extremely granular control of requirements."

* [sys-uname 0.7.0]

Daniel Berger improved sys-uname, a Ruby library that provides
platform information similar to that returned by the unix uname
command. It works on win32 as well as unix systems. The Windows
support now uses WMI + OLE instead of a C extension.

* [Net::SFTP 0.9.0] [Net::SSH 0.9.0]

Jamis Buck released the first in a planned series of beta releases
of his pure-Ruby SFTP client [Net::SFTP] with the aim to arrive at
version 1.0.0 before too long. Jamis also announced a new version
of [Net::SSH], a pure-Ruby SSH2 client.

* [Syntax 0.5.0]

Jamis Buck intoned "[Syntax] is an experimental Ruby library for
syntax highlighting source code. Currently, it supports Ruby, XML,
and YAML."

* [xmlresume2x 0.2.1]

Thomas Leitner delivered a new release of [xmlresume2x], a tool
which converts résumés stored using the [XML Résumé Library
format] into various output formats.

* [Nitro + Og 0.8.0]

George Moschovitis updated [Nitro], his web application framework
and Og, an object-relation mapping library. Changes include a new
automatic validation system and many important bug fixes.

* [Tar2RubyScript 0.4.3]

Erik Veenstra made some enhancements to [Tar2RubyScript], a tool
that transforms a Ruby program into a single file, easing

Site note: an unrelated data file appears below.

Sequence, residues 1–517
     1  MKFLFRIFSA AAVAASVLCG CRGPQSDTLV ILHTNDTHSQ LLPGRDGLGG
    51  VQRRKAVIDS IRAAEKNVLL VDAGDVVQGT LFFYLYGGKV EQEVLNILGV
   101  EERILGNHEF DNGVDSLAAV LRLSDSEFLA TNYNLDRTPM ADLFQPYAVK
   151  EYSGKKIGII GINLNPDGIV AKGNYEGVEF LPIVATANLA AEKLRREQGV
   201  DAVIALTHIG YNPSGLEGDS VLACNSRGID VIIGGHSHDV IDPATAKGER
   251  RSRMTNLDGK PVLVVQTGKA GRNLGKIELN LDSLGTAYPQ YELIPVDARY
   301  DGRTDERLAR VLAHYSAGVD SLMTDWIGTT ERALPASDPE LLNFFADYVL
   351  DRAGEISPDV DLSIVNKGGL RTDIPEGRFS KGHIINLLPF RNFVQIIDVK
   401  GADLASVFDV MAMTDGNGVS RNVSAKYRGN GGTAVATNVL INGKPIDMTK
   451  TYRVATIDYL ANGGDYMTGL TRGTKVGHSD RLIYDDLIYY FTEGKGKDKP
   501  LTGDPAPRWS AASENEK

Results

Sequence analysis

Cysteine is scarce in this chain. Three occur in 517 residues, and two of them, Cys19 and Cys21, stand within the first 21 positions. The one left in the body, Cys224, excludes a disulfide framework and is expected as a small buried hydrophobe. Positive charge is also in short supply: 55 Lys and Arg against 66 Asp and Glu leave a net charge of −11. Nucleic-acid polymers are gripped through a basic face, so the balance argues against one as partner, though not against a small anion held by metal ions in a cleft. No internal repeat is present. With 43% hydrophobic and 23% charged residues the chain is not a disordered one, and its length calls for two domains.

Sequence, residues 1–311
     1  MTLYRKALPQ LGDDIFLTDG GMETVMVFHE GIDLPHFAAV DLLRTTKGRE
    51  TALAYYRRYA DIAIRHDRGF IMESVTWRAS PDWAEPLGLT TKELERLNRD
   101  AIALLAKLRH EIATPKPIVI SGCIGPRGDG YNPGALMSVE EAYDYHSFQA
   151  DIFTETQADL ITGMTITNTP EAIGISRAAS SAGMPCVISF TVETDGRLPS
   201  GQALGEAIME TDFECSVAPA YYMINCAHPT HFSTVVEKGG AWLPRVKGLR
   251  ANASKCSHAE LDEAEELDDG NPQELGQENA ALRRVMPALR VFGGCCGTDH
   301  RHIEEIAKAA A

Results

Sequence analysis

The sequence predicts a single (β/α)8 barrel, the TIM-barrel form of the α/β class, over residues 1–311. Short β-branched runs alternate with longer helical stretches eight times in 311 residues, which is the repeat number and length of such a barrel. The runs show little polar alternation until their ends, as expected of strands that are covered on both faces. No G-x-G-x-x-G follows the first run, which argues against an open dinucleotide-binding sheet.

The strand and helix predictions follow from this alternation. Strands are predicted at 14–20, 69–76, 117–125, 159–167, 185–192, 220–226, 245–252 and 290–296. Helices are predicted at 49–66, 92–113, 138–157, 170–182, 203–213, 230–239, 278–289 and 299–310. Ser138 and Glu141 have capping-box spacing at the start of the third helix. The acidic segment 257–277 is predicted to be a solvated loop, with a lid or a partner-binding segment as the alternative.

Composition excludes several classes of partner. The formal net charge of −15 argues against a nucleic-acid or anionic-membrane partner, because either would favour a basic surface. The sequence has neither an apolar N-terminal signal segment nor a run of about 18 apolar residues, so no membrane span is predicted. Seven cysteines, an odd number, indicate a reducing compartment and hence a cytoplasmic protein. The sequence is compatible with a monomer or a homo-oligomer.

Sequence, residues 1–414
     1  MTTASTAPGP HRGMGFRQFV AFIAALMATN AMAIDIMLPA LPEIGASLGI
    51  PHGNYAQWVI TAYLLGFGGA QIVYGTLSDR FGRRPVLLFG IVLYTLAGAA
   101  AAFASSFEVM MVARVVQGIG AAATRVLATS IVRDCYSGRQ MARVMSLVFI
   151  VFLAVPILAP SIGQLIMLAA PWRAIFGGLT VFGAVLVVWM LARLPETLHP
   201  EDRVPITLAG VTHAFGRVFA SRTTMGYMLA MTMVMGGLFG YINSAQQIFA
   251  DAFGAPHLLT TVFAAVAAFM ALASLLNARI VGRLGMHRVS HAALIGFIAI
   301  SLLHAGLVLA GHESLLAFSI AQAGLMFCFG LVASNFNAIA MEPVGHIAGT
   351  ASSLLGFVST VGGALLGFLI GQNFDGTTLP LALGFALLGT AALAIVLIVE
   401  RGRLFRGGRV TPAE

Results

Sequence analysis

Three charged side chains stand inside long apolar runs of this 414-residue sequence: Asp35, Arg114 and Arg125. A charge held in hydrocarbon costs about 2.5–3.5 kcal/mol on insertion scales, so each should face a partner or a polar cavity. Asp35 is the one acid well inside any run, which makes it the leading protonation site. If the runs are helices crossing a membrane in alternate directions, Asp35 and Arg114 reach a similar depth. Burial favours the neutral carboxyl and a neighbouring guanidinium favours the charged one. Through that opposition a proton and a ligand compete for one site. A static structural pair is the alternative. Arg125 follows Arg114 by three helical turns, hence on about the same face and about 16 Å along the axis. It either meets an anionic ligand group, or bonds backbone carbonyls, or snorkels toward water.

distribution.

* [EasyPrompt 0.1.0]

Francis Hwang made the initial release of the EasyPrompt library,
which provides a simple interface for interactive prompts in
command-line programs.

* [Instiki 0.9.2 - OSX build]

Alexey Verkhovsky reports that "[t]hanks to Ben Schumacher, a
native OSX build of Instiki 0.9.2 is now available". (Instiki is a
Wiki implementation.)

* [Nemo 0.1.0 + Wee 0.4.0]

Michael Neumann announced Kevin Howe's Nemo project along with an
updated version of Wee (developed by Michael). "Nemo is a
web-application platform that uses object metadata to
automatically construct web-interfaces (Editors and Viewers). It
is highly object-oriented with strong emphasis on reusable
components."

* [Ruby Vector Graphics 0.3.0]

Tim Hunter issued an update to [RVG], "a library for drawing 2D
graphics with an API based on the SVG specification". It uses
RMagick (the Ruby binding for ImageMagick and GraphicsMagick). New
in this release is support for patterns.

* [Pimki 1.4]

Assaph Mehr updated [Pimki], a personal information manager (PIM)
based on the Instiki wiki system. This release incorporates the
Instiki changes in Instiki 0.9.2, fixes some bugs and adds
features like edit on double-click.

* [CreditCard 1.0]

Lucas Carlson introduced [CreditCard], a library that can "tell
you whether a credit card number is self-consistent using known
algorithms for credit card numbers". Lucas intends to develop a
full payment processing gateway for Ruby in the future.

* [Flash/Ruby 0.1.0]

leon breedt announced the first public release of Flash/Ruby,
which is a Ruby binding for a library he wrote called libflash. It
is used to embed Macromedia Flash in a GTK+ application.

* [RubyScript2Exe 0.3.1]

Erik Veenstra updated [RubyScript2Exe], which collects a Ruby
application along with the Ruby interpreter into a single
executable for Windows or unix. RubyGems support has been
improved, and .dll and .o files are correctly handled.
 
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T

trans. (T. Onoma)

Thanks for the news Tim. Very nice, very helpful.

I've noticed though that a number of threads go unmentioned. I know there's no
way to really delve into them all, but I was thinking, it might be possible